Without strategic intervention in education, Nepal will lose another generation to the brinkmanship of selfish leaders
Nepal may be South Asia’s oldest nation state, but it is a young democracy with a youthful population. The share of population in the 15-49 age group is projected to increase to 55.5% by 2031 while that below 24 years will peak at 51.5% in 2018.
Nepal’s youth bulge (16-40 years) stood at 40.3% of the total in the 2011 census and is expected to expand to 43.3% in 2031 before the proportion of elderly
will start growing. Countries like Japan, Greece and Finland are also ageing, which is causing an immediate economic imbalance.
Never before have there been so many young people in Nepal. And never before has there been such an easy flow of knowledge, skills and people across the world. These two facts put together produce immense potential for economic and social progress
This demographic window
of opportunity will only last a few more decades. And if something is not done urgently to take advantage of this, our one-time opportunity will be lost forever. For example, the GDP of many Southeast Asian countries increased seven-fold in the late 20th century, causing an economic boom described as the ‘Asian economic miracle’.
But in Latin America, education and health were neglected and a similar window was lost forever. The key to harnessing this dividend lies in education. Providing opportunities to the burgeoning young population to grow to its best potential should be the focus of all government policies, including local ones.
Our education system needs to be quickly steered towards providing interdisciplinary, analytical and creative skills to our children. Without this holistic transformation, we will continue to be the unskilled labour suppliers of the world. And that would be the greatest injustice to the future generation that present leaders could do.
A report, Education Redefined: The future is Now, published by The Economist Intelligence Unit, recently assessed the effectiveness of education systems in preparing students for the demands of work and life in a rapidly changing landscape. An ideal 21st-century education system is designed to impart interdisciplinary skills, creative and analytical talent, skills in entrepreneurship and leadership, in digital and technical areas, as well as global awareness and civic education. New Zealand, among the countries studied, scored highest in the report.
Nepal, of course, is not included in the study but its recommendations apply to us too and can help us to focus on education. This means reforming the curriculum for future skills, ensuring the effectiveness of the policy implementation system, teacher education, government education expenditure, career counselling in schools and collaboration between education and industry. Most importantly, the study concludes that a holistic and future-ready education system is inextricably linked with societal openness, cultural diversity and tolerance.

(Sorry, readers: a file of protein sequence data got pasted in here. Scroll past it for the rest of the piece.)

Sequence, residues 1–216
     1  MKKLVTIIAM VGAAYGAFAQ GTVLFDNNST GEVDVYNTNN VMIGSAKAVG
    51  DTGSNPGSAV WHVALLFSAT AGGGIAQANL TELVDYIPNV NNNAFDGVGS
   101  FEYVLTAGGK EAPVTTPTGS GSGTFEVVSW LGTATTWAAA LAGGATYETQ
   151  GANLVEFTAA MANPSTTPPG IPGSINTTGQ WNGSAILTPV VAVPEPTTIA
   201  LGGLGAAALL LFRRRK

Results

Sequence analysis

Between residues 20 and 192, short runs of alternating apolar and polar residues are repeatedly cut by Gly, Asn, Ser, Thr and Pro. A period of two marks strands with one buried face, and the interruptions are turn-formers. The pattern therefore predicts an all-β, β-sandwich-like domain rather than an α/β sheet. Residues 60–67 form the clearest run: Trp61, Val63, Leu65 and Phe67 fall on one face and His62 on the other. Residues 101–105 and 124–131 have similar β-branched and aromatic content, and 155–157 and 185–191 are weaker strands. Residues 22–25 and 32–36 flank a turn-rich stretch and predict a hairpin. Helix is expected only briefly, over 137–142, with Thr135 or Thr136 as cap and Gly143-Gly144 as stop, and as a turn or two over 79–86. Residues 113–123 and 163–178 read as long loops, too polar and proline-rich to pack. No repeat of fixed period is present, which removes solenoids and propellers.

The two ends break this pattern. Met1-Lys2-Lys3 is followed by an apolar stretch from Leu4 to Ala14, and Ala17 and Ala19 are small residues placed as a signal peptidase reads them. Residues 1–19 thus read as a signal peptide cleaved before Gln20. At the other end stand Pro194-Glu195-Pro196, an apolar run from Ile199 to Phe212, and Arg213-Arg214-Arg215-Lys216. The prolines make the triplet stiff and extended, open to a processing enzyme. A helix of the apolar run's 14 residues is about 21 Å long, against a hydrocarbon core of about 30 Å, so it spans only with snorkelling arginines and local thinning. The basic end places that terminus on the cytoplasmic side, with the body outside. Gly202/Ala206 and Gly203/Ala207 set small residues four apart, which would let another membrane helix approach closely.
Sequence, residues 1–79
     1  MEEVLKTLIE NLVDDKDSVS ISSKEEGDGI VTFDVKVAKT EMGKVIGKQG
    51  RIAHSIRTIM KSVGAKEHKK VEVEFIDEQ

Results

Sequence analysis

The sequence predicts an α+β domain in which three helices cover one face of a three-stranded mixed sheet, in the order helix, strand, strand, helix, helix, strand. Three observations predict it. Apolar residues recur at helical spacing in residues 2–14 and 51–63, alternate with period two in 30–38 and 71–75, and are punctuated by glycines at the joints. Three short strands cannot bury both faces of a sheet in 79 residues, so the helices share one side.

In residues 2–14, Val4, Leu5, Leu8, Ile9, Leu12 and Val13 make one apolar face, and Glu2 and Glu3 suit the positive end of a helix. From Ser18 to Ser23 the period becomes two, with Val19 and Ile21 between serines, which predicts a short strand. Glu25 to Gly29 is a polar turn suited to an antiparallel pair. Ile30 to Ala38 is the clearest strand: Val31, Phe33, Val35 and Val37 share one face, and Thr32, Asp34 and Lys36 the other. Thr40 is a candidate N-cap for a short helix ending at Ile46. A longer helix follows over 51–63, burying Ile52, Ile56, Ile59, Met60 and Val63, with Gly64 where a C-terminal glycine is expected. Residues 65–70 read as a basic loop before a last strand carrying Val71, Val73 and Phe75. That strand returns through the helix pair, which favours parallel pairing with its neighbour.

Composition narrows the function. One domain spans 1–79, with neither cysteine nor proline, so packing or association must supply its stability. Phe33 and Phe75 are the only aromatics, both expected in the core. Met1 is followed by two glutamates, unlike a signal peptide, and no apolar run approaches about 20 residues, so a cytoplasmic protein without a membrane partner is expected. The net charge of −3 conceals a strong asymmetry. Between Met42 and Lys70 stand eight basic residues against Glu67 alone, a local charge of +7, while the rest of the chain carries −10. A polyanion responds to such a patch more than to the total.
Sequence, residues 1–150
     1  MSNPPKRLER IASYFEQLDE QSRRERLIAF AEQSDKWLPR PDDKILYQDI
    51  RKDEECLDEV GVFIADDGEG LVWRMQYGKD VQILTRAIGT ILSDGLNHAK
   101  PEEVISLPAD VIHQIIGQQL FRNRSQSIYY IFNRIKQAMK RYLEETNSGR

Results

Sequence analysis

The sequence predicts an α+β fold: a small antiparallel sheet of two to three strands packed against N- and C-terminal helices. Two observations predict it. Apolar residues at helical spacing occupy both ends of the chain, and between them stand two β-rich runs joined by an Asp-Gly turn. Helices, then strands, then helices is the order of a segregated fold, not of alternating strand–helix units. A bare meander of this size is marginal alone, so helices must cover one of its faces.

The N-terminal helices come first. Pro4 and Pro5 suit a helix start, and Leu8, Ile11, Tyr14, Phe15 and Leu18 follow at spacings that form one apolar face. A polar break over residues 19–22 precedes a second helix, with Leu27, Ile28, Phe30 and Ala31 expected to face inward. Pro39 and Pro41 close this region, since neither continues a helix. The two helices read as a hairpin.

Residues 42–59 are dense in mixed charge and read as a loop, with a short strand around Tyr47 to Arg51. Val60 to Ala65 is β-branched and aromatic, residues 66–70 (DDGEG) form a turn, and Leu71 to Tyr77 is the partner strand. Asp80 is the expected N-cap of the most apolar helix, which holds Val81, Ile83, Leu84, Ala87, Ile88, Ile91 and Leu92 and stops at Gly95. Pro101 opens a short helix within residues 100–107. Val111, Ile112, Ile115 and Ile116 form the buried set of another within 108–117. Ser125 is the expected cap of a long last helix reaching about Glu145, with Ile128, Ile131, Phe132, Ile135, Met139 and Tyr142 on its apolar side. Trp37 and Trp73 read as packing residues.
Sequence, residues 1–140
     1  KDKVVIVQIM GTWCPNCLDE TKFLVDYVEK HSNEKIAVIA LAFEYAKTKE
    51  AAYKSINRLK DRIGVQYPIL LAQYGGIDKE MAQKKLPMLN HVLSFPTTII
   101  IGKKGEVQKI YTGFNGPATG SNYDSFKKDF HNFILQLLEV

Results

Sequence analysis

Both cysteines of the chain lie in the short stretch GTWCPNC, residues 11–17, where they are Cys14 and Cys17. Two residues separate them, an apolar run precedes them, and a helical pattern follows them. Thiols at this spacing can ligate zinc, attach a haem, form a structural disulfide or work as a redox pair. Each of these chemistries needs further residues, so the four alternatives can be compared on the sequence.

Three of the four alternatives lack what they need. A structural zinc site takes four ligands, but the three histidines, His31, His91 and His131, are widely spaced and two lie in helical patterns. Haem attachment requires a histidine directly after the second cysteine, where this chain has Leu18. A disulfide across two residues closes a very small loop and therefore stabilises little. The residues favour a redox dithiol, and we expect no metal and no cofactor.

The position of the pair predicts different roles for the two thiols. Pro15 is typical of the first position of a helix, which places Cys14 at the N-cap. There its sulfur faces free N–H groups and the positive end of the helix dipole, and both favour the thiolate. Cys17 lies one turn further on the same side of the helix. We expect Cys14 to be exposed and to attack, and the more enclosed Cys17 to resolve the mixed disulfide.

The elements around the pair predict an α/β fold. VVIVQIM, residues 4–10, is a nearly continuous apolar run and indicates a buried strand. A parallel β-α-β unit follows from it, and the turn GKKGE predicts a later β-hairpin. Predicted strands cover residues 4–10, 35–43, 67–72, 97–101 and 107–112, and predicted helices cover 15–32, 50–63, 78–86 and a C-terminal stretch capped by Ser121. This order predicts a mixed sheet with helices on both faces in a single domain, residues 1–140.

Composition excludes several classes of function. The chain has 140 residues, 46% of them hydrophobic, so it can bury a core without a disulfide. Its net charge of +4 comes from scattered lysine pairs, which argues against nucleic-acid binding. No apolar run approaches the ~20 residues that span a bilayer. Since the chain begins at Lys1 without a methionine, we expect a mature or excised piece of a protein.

It has been recognised for decades that improving the relevance and quality of education
is necessary to prepare Nepal for the future. But for the politicians at the centre, it remains a matter of least priority. A septugenerian with no interest or experience in reforming education is at the helm of Nepal’s affairs. And the situation doesn’t seem to be changing any time soon, even with new elections.
The only hope lies in improving the quality of education from the grassroots up. Under the new Constitution, much of the responsibility for education and health has been given to local governments. But even a newly-elected mayor’s hands may be tied because even under the federal system, it is likely that local governments will not have any real say in teacher management and curriculum re-design.
“Hopefully, local governments will band together to ask for alternative methods to credential schools and gain more curricular freedom,” says Saakar Pudasainee, an educational entrepreneur and activist with Karkhana, which works in STEM education in schools.
A likely solution can be local governments joining forces to collaborate with individuals, think tanks and private organisations to design and implement model solutions. Such initiatives from the local level will ensure that low-cost, organic innovation at private educational institutions can be replicated widely.
As in every sector, the ultimate hope in Nepal now is that local governments will take the initiative and wrest progress out of the clutches of politicians at the centre, who seem hell bent on sending the country into a downward spiral.
A much older tomorrow, Sonia Awale
Reaping the demographic dividend, Editorial
High schools, Pawan Dhakal
World champion country, Ashutosh Tiwari